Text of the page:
evidence of life on Mars and how he is currently working with the Japanese space agency to do just
that.
We then considered the origin story of the human species in particular: Bruce’s description of an
endo-trip in which he gained greater insight into the development of the visual cortex in prosimians.
This, he proposed, was a result of altered states of consciousness, gained by the more daring of the
species, who went out on a (tree) limb to get ‘lifted’ on tree sap, thus gaining visual acuity enabling
them to see through the mesmerising patterns of tree snakes which would have otherwise left them
transfixed and helpless prey. We’ve now evolved the ability to both recognise and create complex
hypnotising patterns; thus we can use this ability to create technological ‘snakes’ that can in turn be
used to wound or to heal, to either manipulate human weaknesses, transfix and exploit, or to
enhance human vision, break beguilement and help us to heal. Bruce contrasted the role of
manipulative media transfixing us to disempowering states of consciousness, that leave us open to
exploitation, with the very different liberating and empowering work of ‘trans-tech’ at Esalen
Institute, using techno-bio-logical interfacing to help us return to a state of communal synchronicity.
From the latter state of consciousness we can recognise dis-functional patterning and clear it out in
a group setting, to free up enormous amounts of energy for new creative and healthy endeavours.
Bruce called this ‘healing the inner kindergarden’ and pointed out that what so much of these
findings highlight is that the origin of life is in common community and not in separative
competition. He linked in Ram Dass’ philosophical point of contention with what he’d called the
myth of separateness and suggested that this scientific investigation could be for biologists in the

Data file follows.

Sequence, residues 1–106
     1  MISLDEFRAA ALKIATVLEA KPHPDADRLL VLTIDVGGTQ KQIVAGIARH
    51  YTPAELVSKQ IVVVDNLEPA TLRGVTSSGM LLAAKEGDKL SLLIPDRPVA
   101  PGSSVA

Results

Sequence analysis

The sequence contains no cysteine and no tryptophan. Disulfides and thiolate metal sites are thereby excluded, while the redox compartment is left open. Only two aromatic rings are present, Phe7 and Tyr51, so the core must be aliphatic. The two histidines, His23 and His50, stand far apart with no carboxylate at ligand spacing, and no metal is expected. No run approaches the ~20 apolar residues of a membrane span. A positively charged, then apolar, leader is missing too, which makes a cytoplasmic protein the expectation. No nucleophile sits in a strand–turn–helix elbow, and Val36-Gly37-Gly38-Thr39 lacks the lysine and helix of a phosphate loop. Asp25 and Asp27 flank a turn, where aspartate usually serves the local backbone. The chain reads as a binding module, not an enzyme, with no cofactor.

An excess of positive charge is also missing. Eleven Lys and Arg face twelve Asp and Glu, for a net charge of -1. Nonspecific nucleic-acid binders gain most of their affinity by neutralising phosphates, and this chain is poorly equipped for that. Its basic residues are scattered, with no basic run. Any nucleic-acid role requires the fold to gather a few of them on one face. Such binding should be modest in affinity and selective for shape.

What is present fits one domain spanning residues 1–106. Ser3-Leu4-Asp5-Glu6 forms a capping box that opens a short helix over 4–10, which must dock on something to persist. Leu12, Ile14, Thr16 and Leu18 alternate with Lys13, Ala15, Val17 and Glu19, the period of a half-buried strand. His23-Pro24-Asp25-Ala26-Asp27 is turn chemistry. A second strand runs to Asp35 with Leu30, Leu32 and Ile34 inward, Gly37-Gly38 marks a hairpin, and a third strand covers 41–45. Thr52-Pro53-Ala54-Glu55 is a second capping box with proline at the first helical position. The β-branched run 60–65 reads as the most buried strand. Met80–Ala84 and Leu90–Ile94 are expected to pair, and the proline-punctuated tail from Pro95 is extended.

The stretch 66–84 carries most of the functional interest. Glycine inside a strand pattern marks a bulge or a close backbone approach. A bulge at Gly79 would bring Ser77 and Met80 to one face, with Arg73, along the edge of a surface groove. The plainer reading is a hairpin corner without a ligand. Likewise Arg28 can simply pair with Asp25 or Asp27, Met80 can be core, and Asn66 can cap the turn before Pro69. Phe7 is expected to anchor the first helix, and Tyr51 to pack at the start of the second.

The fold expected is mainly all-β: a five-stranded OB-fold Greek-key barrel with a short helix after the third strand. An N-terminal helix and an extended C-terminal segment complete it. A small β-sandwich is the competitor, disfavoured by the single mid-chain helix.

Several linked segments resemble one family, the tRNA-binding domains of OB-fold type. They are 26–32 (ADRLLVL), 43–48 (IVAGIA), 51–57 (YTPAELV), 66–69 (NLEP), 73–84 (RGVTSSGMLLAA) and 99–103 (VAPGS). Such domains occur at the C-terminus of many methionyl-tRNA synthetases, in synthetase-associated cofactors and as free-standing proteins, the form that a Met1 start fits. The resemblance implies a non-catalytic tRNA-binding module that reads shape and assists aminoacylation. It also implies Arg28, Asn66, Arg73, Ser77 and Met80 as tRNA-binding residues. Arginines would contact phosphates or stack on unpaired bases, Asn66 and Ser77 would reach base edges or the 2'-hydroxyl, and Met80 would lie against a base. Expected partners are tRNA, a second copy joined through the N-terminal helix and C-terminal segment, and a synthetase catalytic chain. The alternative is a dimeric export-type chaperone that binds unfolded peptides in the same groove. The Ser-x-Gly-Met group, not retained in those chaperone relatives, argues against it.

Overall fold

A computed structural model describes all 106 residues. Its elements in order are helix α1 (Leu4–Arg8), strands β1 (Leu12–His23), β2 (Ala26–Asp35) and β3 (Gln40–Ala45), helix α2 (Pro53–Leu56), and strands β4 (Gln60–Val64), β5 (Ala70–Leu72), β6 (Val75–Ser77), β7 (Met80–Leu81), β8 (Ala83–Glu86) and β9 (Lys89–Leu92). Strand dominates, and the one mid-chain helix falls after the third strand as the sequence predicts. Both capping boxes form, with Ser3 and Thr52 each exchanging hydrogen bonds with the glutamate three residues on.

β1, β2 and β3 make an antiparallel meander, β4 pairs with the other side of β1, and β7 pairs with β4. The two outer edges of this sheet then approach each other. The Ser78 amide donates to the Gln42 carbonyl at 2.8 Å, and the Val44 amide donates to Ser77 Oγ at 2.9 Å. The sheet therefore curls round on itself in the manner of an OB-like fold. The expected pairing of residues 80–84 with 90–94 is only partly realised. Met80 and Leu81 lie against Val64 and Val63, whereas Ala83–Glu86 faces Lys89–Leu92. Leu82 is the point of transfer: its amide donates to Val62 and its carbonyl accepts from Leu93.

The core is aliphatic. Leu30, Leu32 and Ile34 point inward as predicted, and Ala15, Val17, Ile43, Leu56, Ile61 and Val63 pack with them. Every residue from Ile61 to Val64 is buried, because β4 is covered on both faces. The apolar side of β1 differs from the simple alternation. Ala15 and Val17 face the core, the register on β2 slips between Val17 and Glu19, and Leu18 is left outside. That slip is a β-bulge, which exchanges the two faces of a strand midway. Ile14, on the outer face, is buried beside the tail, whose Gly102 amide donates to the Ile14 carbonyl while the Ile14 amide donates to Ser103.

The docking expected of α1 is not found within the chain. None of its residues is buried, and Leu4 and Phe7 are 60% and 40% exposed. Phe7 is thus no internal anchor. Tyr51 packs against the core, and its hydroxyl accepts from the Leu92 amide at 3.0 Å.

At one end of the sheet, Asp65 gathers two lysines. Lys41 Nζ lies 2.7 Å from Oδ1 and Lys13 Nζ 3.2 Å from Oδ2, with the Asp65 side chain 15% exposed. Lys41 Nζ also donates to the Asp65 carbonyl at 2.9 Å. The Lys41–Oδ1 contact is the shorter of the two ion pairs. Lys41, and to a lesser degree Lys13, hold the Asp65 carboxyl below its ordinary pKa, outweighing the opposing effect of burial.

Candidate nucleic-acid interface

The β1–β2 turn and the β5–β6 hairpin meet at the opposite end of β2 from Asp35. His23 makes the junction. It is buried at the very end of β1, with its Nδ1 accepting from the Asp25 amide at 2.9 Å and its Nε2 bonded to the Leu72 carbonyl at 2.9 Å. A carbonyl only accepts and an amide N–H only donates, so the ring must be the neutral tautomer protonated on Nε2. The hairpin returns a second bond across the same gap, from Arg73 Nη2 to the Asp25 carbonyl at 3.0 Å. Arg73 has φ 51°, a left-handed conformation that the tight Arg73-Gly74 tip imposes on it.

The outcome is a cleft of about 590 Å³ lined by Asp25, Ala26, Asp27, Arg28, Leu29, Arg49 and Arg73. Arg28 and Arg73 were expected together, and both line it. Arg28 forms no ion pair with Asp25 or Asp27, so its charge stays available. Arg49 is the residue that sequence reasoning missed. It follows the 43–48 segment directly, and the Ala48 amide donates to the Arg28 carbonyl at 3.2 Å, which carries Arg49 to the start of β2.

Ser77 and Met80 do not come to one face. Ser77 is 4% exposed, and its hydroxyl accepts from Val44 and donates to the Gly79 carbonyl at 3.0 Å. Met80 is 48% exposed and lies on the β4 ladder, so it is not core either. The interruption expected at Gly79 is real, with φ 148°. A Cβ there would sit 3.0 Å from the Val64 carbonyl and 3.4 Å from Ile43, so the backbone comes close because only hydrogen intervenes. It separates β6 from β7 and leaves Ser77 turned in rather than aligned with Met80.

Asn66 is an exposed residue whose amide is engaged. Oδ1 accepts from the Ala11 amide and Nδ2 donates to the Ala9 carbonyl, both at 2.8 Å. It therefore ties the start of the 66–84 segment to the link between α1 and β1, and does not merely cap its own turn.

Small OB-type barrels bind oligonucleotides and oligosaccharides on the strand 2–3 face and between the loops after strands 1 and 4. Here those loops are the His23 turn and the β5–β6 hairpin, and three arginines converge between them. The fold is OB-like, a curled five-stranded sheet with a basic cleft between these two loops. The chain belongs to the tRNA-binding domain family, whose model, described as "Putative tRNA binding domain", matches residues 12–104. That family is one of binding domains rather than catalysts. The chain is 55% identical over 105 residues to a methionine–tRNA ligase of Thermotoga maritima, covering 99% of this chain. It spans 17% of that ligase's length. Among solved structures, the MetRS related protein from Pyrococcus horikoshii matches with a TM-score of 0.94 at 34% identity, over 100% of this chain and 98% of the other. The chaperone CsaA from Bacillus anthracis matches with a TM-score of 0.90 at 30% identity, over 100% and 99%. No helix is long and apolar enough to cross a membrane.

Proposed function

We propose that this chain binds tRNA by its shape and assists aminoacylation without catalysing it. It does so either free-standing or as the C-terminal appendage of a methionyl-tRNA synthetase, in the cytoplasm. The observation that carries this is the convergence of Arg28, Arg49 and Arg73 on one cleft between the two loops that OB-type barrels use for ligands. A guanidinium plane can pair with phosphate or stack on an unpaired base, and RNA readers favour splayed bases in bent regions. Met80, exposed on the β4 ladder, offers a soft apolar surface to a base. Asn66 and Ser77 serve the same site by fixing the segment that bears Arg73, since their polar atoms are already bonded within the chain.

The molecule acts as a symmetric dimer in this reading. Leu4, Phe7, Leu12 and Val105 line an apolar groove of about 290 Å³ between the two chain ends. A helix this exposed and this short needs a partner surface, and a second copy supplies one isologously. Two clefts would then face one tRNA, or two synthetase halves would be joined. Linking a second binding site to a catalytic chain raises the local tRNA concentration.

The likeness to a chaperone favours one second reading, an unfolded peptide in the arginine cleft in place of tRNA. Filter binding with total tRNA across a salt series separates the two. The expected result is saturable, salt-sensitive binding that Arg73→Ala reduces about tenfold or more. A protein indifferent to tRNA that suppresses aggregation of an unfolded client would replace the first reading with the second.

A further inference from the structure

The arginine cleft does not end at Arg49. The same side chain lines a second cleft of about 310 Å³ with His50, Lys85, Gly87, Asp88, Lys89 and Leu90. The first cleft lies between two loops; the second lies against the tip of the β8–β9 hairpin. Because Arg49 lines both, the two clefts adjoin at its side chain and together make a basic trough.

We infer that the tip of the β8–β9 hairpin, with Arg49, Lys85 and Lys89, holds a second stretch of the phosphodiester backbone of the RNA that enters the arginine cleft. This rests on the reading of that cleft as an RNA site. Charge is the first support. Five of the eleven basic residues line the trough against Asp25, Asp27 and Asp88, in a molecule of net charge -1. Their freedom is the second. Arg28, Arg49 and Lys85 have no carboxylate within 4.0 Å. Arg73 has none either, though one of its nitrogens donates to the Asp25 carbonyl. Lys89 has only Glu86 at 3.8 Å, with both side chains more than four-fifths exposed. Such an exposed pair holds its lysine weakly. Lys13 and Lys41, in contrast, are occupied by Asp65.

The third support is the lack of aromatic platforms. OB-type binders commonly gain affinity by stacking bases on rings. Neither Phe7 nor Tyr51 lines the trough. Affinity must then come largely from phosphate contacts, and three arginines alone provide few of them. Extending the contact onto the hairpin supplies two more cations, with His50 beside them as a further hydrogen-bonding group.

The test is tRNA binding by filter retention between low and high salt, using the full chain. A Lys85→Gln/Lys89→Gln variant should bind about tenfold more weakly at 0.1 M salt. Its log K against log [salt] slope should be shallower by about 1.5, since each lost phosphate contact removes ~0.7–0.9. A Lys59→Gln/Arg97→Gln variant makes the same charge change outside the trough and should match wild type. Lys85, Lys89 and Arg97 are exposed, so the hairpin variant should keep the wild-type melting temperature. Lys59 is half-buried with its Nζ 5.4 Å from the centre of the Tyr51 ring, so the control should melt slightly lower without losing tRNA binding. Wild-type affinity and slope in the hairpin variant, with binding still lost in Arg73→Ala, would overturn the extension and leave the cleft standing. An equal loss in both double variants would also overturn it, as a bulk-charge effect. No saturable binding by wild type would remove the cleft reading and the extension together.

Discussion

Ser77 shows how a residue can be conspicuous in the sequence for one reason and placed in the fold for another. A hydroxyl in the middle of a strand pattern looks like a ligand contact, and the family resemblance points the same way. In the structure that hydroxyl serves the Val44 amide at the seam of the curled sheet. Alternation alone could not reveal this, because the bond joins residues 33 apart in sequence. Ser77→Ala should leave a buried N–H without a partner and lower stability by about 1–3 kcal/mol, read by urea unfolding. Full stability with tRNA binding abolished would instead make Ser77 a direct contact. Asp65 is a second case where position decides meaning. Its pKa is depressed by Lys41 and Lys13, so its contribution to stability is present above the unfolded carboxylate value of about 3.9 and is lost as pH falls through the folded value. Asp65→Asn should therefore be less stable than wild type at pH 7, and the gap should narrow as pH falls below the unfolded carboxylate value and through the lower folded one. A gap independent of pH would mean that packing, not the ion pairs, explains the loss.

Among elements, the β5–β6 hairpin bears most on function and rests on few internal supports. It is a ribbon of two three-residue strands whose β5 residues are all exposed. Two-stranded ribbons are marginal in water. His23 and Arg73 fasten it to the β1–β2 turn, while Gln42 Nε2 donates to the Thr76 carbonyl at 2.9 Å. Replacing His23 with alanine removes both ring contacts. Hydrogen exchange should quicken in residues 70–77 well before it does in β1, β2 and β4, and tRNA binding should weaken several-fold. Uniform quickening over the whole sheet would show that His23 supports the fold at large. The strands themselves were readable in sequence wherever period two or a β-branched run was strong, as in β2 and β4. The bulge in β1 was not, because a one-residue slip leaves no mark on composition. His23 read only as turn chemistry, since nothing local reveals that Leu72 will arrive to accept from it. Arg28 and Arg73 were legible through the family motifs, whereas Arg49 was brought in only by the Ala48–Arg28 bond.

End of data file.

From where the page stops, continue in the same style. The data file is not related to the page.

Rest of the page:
2020s what relativity was for physicists in the 1920s.

Part Two: Cosmological Exploration

Part two launched us into ontological and cosmological exploration, all the while grounded within
the appreciation of the rock pool dynamics as comparable computers processing randomly
generated polymer programmes and testing them to see if they boom or bust. Bruce proposed a
new Copernican cosmic centre – once again inspired by an endo-trip in which he was spurred to
consider the dynamics of these rock pools. It’s a triangular cycle which he calls ‘the progenote’
(pictured below):
In brief it shows how there is a kind of ‘Engine of Emergence’ at the heart of cosmos, which is conscious, recollective, interactive and actively shaping probability. Bruce proposes that it is this ‘field’ of consciousness which our limited primate brain samples and that this explains many of the other-worldly ecstatic and epiphanic perceptions of the psychedelic experience. ‘Life opens pathways to impossible events’ he asserted, relating several instances in which he had successfully interacted with this kind of triune engine of responsiveness and suggesting ways in which we might learn to do so with greater dexterity – including but not limited to the use of psychedelic substances.

In the end: “The trip is always made within” – Bruce Damer

Bruce concluded the talk by applying all of these findings to the current climate crisis and noted the urgency for climate change mitigation strategies, noting that whilst emissions reduction is surely a must, we are already inevitably going to experience some possibly cataclysmic shifts, even if the harm reduction is effective and we spare ourselves the worst case scenario. If we are able to preserve biological diversity here on Earth first, we can look toward navigating the stars and preserving Gaia’s greatest experiment beyond the inevitable ‘Venus terminator’ event 100 millennia from now, in which Earth will follow a similar fate to her sister planet on the inner orbital ring. Designs for spacecraft capable of harvesting asteroids were floated as a possible way for us to obtain the resources needed to launch into space and explore life on other planets. Such confidence was refreshing in what is so often a prevalent climate of almost apocalyptic gloom and frustration, nevertheless stressed along with the optimistic confidence was the urgency of a call to action.